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UNC’s Theo Pinson out indefinitely with foot injury

North Carolina’s Theo Pinson at the Final Four

Video: North Carolina’s Theo Pinson describes his ability to spark the Tar Heels during an interview in the locker room on Friday, April 1, 2016 at the NRG Stadium in Houston,Texas.
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Video: North Carolina’s Theo Pinson describes his ability to spark the Tar Heels during an interview in the locker room on Friday, April 1, 2016 at the NRG Stadium in Houston,Texas.

North Carolina junior wing forward Theo Pinson, who has been in line to become a full-time starter this season, will be out indefinitely after breaking a bone in his foot, the school announced on Friday.

Pinson on Wednesday broke the fifth metatarsal in his right foot – the same bone he has twice broken in his left foot. During a phone interview on Friday his father, Theo Pinson Sr., said his son was scheduled to have surgery on Wednesday.

“Hopefully, we can get him back before the end of season,” UNC coach Roy Williams said in a statement.

A formal timetable for Pinson’s rehabilitation and potential return has yet to be determined. Pinson Sr. said, though, that he expected his son to miss eight to 12 weeks.

“It just depends on how he heals,” Pinson Sr. said.

Pinson’s indefinite absence represents a significant blow for the Tar Heels. He played in all 40 of UNC’s games last season, and was third on the team in assists, with 115. He’s UNC’s most versatile player and is capable of playing every position except for center.

Pinson started seven games at the beginning of last season while Marcus Paige, then a senior guard, worked his way back from a hand injury. Entering this season, Pinson was expected to slide into the vacancy in the starting lineup created by Paige’s departure.

“I’m so disappointed for Theo,” Williams said in a statement. “Number one, he’s been playing well and he does so many positive things for our team.”

If Pinson misses eight weeks, he could return in time for the start of conference play in late December. If his recovery and rehabilitation stretches into late January, though, UNC, which begins the season on Nov. 11 at Tulane, might well evaluate the possibility of keeping him on the bench to preserve a full year of eligibility.

I’m so disappointed for Theo. Number one, he’s been playing well and he does so many positive things for our team.

Roy Williams

Pinson Sr., though, said, “we’re optimistic that he’s going to be back” this season.

Part of his optimism is a result of Pinson’s history with a fractured fifth metatarsal. He broke that bone twice in his left foot – once in high school and again during his freshman year at UNC.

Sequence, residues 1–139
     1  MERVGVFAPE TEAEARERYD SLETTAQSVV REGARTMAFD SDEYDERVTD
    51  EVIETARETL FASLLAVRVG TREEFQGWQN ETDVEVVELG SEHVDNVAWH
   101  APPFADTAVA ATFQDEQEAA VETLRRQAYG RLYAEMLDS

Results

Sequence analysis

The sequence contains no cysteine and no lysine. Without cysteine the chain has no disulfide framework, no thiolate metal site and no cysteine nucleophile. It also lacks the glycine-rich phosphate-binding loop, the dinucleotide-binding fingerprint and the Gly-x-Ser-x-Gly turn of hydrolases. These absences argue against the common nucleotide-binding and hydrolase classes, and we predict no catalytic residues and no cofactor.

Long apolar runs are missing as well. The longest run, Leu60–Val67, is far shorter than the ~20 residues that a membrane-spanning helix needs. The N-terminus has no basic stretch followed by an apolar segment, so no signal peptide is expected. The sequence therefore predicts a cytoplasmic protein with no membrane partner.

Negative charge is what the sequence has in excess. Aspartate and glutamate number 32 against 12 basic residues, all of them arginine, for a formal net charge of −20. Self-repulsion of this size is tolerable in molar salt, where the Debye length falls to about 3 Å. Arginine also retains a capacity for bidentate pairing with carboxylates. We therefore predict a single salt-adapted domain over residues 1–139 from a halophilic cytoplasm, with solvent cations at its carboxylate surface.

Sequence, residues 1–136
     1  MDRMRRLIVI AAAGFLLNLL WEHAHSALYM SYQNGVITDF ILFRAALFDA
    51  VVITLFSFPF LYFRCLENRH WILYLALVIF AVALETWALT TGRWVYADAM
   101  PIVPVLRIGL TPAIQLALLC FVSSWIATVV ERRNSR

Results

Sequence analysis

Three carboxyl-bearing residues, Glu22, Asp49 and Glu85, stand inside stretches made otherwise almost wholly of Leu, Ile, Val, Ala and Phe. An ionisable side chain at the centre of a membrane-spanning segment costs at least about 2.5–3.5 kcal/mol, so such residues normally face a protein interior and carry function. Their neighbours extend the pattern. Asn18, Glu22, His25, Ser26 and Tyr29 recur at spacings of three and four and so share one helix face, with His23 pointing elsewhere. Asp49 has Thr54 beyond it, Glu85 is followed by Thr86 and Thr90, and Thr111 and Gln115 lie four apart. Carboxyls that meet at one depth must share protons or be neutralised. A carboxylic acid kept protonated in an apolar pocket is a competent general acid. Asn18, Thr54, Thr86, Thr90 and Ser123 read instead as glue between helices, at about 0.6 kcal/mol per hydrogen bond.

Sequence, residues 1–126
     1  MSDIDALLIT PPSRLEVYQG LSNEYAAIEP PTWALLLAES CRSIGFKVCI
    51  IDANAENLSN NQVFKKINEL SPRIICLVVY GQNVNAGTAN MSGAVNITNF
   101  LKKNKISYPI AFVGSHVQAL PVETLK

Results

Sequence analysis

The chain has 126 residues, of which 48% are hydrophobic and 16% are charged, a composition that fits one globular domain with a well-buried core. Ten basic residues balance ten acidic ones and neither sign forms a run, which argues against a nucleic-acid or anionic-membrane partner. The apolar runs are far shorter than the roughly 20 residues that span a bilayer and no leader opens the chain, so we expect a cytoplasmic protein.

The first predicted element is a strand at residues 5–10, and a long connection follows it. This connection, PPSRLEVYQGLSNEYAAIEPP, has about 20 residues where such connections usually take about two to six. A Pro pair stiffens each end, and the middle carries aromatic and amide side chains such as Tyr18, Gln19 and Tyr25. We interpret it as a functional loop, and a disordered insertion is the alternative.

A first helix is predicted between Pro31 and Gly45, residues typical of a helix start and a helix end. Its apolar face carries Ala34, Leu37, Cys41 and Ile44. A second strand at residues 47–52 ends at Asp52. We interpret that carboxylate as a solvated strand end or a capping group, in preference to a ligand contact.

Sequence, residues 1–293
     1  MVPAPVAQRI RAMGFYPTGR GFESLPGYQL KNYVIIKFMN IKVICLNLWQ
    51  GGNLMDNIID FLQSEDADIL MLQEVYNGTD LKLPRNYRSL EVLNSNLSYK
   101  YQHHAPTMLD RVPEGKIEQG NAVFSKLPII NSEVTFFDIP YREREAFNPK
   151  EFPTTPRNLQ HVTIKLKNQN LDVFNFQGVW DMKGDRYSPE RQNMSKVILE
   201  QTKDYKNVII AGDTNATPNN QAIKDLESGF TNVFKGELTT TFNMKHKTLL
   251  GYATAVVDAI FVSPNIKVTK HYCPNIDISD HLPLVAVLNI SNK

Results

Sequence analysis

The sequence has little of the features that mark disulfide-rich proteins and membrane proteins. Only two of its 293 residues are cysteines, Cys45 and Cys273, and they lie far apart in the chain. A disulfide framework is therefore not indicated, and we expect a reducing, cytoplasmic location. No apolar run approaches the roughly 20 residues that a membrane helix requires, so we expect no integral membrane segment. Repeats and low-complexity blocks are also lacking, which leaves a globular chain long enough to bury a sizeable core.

The first time he endured that injury, Pinson was unable to play for eight weeks, his father said. He missed 10 games after breaking the same bone midway through his freshman season, but Pinson Sr. said doctors treated the injury especially carefully, given its history.

Since this is the first time Pinson has broken a bone in his right foot, Pinson Sr. is hopeful that translates into a relatively shorter recovery time – similar to the eight weeks it took Pinson to return after the first fracture in his left foot.

“The foot he got injured is his first time on that foot,” Pinson said. “That helps the optimism a lot.”

In the meantime, Williams must determine how best to compensate for Pinson’s absence. Nate Britt, the reserve senior guard who has played an important role off the bench, could stand to enter the starting lineup. If he starts alongside Joel Berry, that would give UNC a two-point guard lineup.

Pinson won’t be easily replaced. As versatile as he is, he’s also the team’s “energy guy,” as Williams described him in his statement.

“He defends, he’s our best passer, a threat on the offensive boards, he can play four different positions, and he gives our team personality, and I mean that in a good way,” Williams said.

Pinson became an integral part of the Tar Heels’ success last season, which ended with UNC on the other side of perhaps the most memorable finish in NCAA tournament history. Entering this season, Pinson used as inspiration that national championship game defeat against Villanova.

On the day of UNC’s first practice, he posted a picture on Instagram – the image capturing the aftermath of that loss, a towel over his head while he sat in the locker room. He wrote that it was “a feeling that I don’t want to feel again.”

Weeks later, Pinson is dealing with more pain. Familiar pain.

“We’ve been down this road before,” Pinson Sr. said.

He’s hoping for a happy ending, both for his son and for this team. Pinson Sr. said he’s hoping for a day when the memory of this injury is overshadowed by something else.

“Hopefully we’ll be holding a national championship trophy at the end of the season,” he said, “and (looking back) we won’t even see it.”

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